August 28, 2019
The Best Approach for Small Commercial?
The competition for retaining small business customers and acquiring new ones is intense. Here are five prevalent strategies.
The small commercial insurance market is hot – there’s no doubt it. In fact, the entire small business environment is quite active, with around 11 million businesses that employ fewer than 20 people, according to the U.S. census bureau, and another 6 million with between 20 and 500 employees. Around 600,000 business are started every year in the U.S., and almost as many fail each year.
As in every other segment, small business owners’ expectations have risen over the past decade, due in part to their daily experiences with digital and mobile capabilities.
See also: Conundrum Facing Commercial Insurance
In the insurance sector, the competition for retaining small business customers and acquiring new ones is intense. During this time of active industry transformation, a variety of approaches are being employed by commercial lines insurers, especially when it comes to distribution options. Which of these options are the best? SMA has identified five prevalent distribution strategies that are currently deployed by insurers. A synopsis of these strategies follows, along with recommendations for insurers.
- Existing agent channels … enhanced with tech: Many insurers are doubling down on their independent agent distribution channel. Agents, after all, still sell most of the small commercial business. However, in this digital age, insurers must be aggressive in the tech capabilities they provide to agents – with modern portals, mobile capabilities, enhanced agent-carrier connectivity solutions and more.
- Direct digital: The direct model, successfully deployed for years in the personal lines space, is moving to small commercial. Small business owners are more tech-savvy, and some want self-service capabilities to identify the coverages they need, get quotes and finalize their policy – all online.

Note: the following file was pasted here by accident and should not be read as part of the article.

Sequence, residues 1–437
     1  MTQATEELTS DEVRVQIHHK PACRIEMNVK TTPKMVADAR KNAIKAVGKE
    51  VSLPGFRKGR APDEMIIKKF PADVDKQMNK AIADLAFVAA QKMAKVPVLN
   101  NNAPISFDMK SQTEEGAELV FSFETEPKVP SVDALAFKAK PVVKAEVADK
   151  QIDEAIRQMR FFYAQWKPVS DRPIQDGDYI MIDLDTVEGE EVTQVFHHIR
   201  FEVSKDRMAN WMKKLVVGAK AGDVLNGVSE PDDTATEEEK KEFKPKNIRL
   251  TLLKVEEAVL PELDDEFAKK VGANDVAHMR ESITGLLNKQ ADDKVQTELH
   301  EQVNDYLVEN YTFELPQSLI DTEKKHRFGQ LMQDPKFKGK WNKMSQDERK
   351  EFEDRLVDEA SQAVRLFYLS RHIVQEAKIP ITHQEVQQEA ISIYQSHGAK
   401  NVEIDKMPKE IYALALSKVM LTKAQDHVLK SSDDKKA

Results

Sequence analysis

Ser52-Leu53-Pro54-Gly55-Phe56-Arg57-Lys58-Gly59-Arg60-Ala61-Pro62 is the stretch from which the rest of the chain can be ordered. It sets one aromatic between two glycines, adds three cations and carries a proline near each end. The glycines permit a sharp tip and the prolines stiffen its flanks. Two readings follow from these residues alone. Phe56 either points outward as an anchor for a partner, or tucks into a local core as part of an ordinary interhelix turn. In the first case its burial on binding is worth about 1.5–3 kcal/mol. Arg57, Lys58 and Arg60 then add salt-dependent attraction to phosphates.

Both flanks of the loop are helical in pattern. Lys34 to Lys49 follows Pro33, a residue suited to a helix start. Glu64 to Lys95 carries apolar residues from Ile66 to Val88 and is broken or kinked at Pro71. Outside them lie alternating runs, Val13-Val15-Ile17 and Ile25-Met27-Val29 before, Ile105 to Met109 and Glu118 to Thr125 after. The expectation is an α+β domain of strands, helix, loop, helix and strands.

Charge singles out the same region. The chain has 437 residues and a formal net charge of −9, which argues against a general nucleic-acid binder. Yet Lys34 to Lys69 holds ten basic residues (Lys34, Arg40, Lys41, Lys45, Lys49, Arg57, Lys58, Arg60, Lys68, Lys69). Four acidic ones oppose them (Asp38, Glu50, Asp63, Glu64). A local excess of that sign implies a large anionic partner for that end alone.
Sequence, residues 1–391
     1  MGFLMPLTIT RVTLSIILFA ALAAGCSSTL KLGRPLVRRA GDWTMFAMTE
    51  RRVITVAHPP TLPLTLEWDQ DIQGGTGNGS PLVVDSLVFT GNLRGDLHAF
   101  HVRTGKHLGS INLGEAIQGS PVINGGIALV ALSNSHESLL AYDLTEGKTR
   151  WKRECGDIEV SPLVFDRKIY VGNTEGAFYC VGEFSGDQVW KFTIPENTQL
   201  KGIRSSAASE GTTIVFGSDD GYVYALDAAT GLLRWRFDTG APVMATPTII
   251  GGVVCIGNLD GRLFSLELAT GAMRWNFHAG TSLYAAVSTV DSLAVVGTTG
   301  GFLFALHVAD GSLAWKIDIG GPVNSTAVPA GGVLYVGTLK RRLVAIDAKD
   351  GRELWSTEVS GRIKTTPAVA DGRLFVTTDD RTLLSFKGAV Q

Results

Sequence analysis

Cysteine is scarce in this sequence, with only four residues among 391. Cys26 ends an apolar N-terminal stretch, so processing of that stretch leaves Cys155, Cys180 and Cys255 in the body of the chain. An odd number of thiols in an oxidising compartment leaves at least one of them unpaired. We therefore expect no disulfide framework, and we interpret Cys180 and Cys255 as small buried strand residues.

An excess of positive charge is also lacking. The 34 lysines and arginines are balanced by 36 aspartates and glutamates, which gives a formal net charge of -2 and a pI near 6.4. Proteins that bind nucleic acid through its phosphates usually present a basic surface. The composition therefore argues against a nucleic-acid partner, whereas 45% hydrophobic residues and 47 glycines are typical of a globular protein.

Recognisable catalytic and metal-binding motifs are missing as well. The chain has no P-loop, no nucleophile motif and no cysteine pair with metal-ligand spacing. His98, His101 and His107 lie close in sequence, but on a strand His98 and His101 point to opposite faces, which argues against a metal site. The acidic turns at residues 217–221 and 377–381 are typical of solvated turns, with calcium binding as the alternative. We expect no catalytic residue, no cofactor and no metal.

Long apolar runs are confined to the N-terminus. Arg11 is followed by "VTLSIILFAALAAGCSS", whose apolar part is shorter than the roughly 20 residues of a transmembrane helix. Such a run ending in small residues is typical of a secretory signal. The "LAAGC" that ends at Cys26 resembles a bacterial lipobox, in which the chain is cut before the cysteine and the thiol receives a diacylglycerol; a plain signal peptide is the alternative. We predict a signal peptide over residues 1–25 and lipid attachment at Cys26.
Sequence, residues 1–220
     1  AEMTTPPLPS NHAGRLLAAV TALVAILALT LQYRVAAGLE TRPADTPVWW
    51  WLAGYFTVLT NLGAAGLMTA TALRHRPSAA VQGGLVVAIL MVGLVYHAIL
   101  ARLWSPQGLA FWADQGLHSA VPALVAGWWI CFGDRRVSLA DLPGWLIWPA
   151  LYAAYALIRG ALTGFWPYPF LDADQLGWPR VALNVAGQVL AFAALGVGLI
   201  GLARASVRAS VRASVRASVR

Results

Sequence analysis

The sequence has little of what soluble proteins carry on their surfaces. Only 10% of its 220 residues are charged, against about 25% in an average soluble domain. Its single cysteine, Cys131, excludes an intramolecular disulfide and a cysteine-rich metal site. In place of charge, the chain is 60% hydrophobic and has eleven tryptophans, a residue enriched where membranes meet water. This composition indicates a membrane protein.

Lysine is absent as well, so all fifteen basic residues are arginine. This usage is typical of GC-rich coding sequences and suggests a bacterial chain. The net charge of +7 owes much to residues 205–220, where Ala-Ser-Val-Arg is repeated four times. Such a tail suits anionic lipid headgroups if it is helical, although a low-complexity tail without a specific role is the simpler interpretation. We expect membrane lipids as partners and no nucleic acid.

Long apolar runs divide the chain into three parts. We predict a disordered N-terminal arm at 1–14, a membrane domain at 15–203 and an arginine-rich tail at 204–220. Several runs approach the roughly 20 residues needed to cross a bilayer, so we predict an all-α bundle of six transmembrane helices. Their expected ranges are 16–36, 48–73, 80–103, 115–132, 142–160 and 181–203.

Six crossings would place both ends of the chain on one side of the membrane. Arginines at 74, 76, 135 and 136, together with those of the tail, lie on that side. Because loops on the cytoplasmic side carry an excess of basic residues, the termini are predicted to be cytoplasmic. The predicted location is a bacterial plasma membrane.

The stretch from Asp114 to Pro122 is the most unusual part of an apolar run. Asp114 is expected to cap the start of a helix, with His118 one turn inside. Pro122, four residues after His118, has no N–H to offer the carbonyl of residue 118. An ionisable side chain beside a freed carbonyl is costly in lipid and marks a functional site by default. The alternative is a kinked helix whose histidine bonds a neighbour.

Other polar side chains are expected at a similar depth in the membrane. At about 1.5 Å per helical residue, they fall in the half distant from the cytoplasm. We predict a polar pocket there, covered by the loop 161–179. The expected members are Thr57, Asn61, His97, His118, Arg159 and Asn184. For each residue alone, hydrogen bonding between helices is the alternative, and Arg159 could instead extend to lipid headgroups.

- New digital brand: Some insurers are establishing new digital brands for small commercial distribution. In most cases, the underwriting and back-office support remain with the insurer, but the front-end marketing and sales are done via a newly established, visible brand. This allows insurers to distinguish the channel from the agent channel and go after different segments in new ways.
- Partnering with insurtech: An appealing option to many insurers is to partner with insurtechs that are capturing attention with their focus on the customer experience. These insurtechs may be digital agents/MGAs or comparative raters. Many insurtechs offer agent-focused solutions or enhance the agent/carrier relationship and support the approach in #1.
- Establishing a marketplace: Several very large insurers are establishing their own marketplaces that support either agent or direct submissions. These marketplaces typically provide automated appetite matching, triage and recommendations on coverage. In addition to traditional small commercial players such as Chubb and Hartford, large personal lines companies such as Progressive and Nationwide are also going after small commercial business with this approach.
Which of these approaches will turn out to be the most successful in growing a small commercial book? Of course, there isn’t one definitive answer. The likelihood is that a combination of approaches will yield the best results for each specific carrier. The omni-channel world has come to small commercial, which means that most insurers will utilize at least two of these methods of reaching customers.
Perhaps the most important advice is to understand customer segments at increasingly discrete levels and adopt an outside-in approach. The commercial lines business has continued to move in the direction of more specialization, and small commercial is no exception. The deeper the understanding of the characteristics and risks of each type of business, the better-equipped insurers will be for creating products and programs to serve that segment. The distribution channel then becomes part of the customer expectations discussion. What methods will be most successful for each segment? Will the business owners in a particular segment react most positively to experienced agents whom they know and trust? Or are they more likely to prefer acquiring their insurance via a direct self-service approach (or one of the other options outlined here)?
See also: Insurance 2030: Scenario Planning
One thing is certain. The distribution channel environment for small commercial will evolve over the next few years. And all of the five options in this blog (and probably others) will be in the mix.
For more information on the small commercial market, please read the research report, Ten Guidelines for Success in the Small Commercial Market.